Top Stories

July 29, 2022


UK to investigate Asos, Boohoo and Asda's “green” claims

Britain will investigate whether fashion brands ASOS, Boohoo, and George at Asda are misleading shoppers about the environmental sustainability of their apparel. The Competition and Markets Authority (CMA) will investigate “green” claims made by the companies about their clothing, footwear and accessories. It will examine whether the language used in marketing some apparel is too broad or vague and whether the criteria used by the companies to label products as environmentally sustainable might be lower than customers might expect. ASOS said it would cooperate with the CMA investigation and was committed to providing clear and accurate information about its products. Representatives of Boohoo and Asda did not immediately respond to requests for comment. (Nasdaq)


US mortgage lender to pay $20 million in redlining case

A US lender will pay $20 million to settle claims of discrimination against minority homebuyers, the US Justice Department says. Trident Mortgage Company, owned by Berkshire Hathaway, is accused of discriminatory lending in Pennsylvania, New Jersey and Delaware. The practice, known as “redlining”, was a common feature of the 20th Century, but is illegal under US law. According to the complaint, Trident used the practice from at least 2015 – 2019. It claims that Trident’s offices were concentrated in majority-white neighbourhoods, and that its loan officers did not serve the credit needs of prospective minority homebuyers. The complaint further alleges that loan officers sent and received work emails containing racial slurs. The settlement funds will be used to increase credit opportunities in underserved neighbourhoods, prosecutors said. (BBC News)


Leak: power companies spending millions to fight clean energy

Leaked documents reveal an electricity firm sourced support from a consultancy to oust US State senator Jose Javier Rodriguez after the senator introduced a pro-solar bill in 2019. The bill, which allowed landlords to sell cheap solar power directly to tenants, undermined Power & Light’s monopoly on electricity. Consultancy Matrix LLC spent heavily on political advertisements for a bribed candidate with the same last name as Rodriguez, effectively siphoning off votes. In 2020, Rodriguez loses re-election by less than 40 votes. The leak reveals how Matrix routinely lobbied to protect electrical utilities companies from decarbonisation legislation, established ‘dark money’ non-profits to facilitate sheltered political candidate spending, and shadowed journalists. Two criminal investigations have been launched into the forged campaign against Rodriguez and another Democratic state senate candidate. (The Guardian)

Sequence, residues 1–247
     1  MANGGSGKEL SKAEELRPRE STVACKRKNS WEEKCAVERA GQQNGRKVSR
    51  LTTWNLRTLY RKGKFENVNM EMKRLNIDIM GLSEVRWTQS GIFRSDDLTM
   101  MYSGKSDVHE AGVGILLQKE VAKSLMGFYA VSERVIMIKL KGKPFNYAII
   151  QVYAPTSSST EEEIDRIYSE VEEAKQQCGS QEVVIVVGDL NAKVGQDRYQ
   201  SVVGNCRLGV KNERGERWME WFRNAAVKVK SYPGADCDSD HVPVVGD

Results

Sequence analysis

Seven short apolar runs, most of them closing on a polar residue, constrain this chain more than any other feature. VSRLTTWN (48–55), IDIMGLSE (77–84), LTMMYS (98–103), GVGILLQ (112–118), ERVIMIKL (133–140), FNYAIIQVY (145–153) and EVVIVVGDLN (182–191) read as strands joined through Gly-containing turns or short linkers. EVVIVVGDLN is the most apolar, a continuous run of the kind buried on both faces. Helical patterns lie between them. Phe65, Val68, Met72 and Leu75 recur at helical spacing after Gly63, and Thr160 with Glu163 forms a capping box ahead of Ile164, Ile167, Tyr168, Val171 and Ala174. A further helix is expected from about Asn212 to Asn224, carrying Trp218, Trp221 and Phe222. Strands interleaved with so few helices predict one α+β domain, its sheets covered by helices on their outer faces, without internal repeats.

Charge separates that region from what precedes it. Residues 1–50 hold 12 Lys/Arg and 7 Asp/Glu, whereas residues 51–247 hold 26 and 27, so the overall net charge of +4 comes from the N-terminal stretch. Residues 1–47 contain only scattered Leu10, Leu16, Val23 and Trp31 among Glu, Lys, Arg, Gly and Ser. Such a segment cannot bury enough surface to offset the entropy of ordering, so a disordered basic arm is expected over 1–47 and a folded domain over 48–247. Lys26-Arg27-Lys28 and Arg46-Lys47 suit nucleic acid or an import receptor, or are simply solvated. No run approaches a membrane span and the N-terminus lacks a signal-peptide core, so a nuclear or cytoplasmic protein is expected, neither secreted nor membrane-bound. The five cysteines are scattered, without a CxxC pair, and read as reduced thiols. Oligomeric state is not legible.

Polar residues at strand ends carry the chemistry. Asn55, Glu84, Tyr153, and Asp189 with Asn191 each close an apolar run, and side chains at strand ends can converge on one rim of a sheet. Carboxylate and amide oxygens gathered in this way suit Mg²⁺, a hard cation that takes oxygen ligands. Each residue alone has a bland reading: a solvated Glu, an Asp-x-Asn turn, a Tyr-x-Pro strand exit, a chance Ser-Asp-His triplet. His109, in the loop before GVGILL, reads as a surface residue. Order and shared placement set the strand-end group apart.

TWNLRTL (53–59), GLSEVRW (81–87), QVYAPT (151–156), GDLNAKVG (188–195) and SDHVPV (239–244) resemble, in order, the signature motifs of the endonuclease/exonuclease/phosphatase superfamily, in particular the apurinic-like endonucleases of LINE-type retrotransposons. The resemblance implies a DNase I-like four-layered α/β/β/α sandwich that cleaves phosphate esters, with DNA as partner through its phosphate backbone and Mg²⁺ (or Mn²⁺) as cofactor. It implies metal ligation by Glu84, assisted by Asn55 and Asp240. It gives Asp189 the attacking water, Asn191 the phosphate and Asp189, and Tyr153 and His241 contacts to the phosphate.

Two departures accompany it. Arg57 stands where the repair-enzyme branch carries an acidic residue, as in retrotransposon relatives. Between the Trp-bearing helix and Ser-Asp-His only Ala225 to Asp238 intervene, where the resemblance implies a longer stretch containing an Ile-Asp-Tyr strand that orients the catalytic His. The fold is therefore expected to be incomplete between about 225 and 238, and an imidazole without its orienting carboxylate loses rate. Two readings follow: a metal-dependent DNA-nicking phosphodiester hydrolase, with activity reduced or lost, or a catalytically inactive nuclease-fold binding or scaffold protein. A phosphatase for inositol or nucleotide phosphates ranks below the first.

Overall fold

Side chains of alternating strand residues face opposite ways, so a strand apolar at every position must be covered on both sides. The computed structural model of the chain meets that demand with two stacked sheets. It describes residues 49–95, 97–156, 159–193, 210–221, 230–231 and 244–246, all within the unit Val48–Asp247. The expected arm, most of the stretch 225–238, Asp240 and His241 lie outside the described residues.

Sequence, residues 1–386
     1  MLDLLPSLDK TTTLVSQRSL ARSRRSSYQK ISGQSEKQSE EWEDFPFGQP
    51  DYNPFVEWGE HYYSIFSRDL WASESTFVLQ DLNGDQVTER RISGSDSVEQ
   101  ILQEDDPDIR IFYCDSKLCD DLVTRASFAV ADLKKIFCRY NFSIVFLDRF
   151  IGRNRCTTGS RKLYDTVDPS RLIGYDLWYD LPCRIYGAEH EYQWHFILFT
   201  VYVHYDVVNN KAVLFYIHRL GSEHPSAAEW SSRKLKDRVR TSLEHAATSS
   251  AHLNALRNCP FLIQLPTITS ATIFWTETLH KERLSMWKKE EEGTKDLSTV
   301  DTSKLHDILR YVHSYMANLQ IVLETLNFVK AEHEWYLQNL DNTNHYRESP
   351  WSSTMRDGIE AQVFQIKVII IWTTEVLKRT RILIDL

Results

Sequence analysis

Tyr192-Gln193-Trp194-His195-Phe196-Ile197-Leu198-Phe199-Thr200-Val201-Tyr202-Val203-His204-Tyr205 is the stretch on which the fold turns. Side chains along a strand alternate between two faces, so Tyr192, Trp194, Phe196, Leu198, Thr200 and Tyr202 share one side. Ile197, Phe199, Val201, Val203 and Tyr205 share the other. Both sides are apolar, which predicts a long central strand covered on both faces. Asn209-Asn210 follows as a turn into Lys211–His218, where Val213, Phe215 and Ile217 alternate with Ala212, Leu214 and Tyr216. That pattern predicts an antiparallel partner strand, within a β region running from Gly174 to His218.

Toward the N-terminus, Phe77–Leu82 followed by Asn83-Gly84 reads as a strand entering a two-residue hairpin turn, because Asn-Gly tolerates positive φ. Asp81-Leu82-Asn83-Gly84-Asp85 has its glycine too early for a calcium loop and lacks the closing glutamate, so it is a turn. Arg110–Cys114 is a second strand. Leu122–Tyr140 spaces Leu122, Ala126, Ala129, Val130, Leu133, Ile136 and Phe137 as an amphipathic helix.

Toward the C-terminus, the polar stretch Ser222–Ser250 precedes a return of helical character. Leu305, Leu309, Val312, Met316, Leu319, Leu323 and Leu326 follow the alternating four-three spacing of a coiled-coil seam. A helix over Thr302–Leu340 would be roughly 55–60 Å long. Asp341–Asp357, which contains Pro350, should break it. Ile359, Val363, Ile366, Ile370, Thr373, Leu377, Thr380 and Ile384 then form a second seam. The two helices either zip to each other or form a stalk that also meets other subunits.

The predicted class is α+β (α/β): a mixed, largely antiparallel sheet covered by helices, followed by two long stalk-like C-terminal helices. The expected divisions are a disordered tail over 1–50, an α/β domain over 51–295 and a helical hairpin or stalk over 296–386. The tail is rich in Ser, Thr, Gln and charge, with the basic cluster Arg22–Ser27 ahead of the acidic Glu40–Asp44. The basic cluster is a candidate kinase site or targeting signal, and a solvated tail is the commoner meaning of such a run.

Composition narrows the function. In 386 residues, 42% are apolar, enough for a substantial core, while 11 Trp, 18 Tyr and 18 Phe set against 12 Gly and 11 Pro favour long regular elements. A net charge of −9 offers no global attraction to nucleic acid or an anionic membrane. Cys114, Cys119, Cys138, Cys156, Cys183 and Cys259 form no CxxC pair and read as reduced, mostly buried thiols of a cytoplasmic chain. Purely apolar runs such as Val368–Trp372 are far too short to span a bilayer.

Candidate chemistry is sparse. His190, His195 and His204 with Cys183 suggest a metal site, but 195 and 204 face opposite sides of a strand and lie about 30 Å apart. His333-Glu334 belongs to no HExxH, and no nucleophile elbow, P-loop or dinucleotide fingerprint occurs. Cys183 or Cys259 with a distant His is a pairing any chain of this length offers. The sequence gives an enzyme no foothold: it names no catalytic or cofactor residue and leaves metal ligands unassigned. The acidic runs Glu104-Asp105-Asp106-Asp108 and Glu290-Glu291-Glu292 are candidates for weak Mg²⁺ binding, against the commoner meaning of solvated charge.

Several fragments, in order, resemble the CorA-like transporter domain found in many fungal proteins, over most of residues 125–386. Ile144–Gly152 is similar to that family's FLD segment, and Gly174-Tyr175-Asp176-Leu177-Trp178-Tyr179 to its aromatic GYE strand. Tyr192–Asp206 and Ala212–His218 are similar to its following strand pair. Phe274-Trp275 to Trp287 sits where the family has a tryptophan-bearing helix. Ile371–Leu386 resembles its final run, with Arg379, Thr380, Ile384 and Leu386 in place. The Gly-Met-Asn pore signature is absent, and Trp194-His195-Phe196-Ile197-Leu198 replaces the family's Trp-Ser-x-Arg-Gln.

UK employees increasingly seek temp work for extra income

Half of UK workers are already doing temporary work, or are planning to temp, as a direct result of the surging cost of living, according to new research. A national survey of UK workers by Indeed Flex found that 32% were planning to do temporary work on top of their existing job, as a way to increase their income. Meanwhile, 19% of those polled already did temporary work, with 11% planning to take on a few more shifts and 8% intending to do a lot more shifts. London workers were most likely to take up temping. As well as taking on new jobs such as evening delivery work or bar work, people were also going online to sell unwanted property such as old clothing, furniture and household goods. (Personnel Today)


China issues principles to align green bonds with global market

China will issue principles for green bonds to build a unified criteria for domestic issuers, rushing to establish standards in a growing market in line with international norms. The country aims to bring its emissions to a peak before 2030 and become carbon neutral by 2060. Green financial bonds, green debt financing instruments, and green corporate bonds will apply the new principles, while enterprise bonds — mainly issued by state-owned enterprises (SOEs) — will be excluded. The principles will reflect prevailing international standards and set basic rules for green bond issuers and related institutions based on domestic conditions. China issued $59.4 billion in green bonds and asset-backed securities in the first half of 2022, jumping 64% from a year earlier.  (OltNews)

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